A Companion to Eighteenth-Century Britain
H. T. Dickinson
John Wiley & Sons, 2008 M04 15 - 592 pages
This authoritative Companion introduces readers to the developments that lead to Britain becoming a great world power, the leading European imperial state, and, at the same time, the most economically and socially advanced, politically liberal and religiously tolerant nation in Europe.
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... Jacobite Movement Daniel Szechi 8 Popular Politics and Radical Ideas H. T. Dickinson 9 The Crisis of the French Revolution Emma Vincent Macleod xi xv xix 19 30 40 55 69 81 97 112 Part II The Economy and Society 10 Manufacturing and ...
... Jacobites: Britain and Europe, 1688–1788 and George Lockhart ofCarnwath, 1689–1727: A Study in Jacobitism. Richard G. Wilson gained his doctorate at Leeds University and is now Professor of Economic and Social History at the University ...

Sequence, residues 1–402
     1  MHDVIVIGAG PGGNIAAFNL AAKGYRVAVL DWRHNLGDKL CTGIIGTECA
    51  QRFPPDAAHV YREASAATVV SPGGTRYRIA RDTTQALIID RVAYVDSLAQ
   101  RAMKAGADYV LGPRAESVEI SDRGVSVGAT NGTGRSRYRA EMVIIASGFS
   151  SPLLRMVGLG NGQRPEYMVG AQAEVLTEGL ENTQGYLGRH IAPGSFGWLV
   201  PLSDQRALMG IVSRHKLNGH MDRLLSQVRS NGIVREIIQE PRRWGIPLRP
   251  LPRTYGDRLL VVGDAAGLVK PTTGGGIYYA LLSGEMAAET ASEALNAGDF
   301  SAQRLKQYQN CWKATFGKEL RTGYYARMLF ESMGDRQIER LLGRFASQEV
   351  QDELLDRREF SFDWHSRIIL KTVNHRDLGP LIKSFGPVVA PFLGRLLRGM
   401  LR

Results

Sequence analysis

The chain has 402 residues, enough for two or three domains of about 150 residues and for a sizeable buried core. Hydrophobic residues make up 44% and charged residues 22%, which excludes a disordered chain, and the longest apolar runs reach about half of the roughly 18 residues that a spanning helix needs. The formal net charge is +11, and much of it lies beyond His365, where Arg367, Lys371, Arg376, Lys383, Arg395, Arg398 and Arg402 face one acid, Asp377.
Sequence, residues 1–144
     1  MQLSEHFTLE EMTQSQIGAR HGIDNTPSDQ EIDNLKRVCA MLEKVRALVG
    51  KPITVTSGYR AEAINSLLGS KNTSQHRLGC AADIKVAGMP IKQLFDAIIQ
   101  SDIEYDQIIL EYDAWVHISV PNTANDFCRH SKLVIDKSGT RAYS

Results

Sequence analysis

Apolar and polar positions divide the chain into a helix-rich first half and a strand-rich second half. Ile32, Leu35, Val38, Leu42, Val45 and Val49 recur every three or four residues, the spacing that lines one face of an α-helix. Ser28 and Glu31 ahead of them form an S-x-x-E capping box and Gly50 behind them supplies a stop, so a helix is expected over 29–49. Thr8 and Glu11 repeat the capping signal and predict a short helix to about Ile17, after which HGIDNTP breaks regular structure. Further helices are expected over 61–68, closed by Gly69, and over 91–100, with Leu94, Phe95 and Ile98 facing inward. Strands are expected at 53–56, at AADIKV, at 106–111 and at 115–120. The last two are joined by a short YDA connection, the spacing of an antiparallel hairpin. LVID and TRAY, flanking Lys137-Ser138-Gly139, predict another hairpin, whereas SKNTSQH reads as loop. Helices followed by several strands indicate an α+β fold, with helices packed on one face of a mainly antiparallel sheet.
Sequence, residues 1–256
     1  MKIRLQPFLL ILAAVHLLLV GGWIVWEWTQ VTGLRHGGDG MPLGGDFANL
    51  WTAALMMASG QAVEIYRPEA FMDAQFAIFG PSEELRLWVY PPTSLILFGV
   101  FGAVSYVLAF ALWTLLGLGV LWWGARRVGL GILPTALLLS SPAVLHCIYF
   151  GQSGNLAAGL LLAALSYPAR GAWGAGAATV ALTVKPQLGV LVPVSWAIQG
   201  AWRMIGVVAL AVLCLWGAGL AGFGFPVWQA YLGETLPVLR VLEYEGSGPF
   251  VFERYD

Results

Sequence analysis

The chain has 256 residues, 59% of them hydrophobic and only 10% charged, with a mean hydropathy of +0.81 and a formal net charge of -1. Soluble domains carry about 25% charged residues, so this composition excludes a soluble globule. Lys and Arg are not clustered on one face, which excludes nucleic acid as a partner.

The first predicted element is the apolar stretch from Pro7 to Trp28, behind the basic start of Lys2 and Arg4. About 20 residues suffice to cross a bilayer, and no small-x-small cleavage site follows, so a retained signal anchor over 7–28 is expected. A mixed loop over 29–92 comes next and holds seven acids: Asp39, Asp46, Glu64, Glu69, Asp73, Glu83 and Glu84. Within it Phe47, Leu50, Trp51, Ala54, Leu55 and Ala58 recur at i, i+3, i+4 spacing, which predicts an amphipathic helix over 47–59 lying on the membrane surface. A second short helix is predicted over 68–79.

... Jacobite and American rebels, by French revolutionaries, and by domestic radicals. In economic and social spheres the essays here acknowledge that Britain was primarily a rural country and an agrarian economy, and a hierarchical and ...
... Jacobites adhered to this doctrine well into the eighteenth century. The divine right theory had maintained that legitimate authority came only from God and that God favoured absolute monarchy. Kings ruled by the direct command of God ...
... Jacobite rebellions, both ensured that this view of the constitution would last throughout the eighteenth century. The ruling elite had no desire to see the people appeal to the contract theory or to the right of resistance in order to ...
Part II The Economy and Society
Part III Religion
Part IV Culture
Part V Union and Disunion in the British Isles
Part VI Britain and the Wider World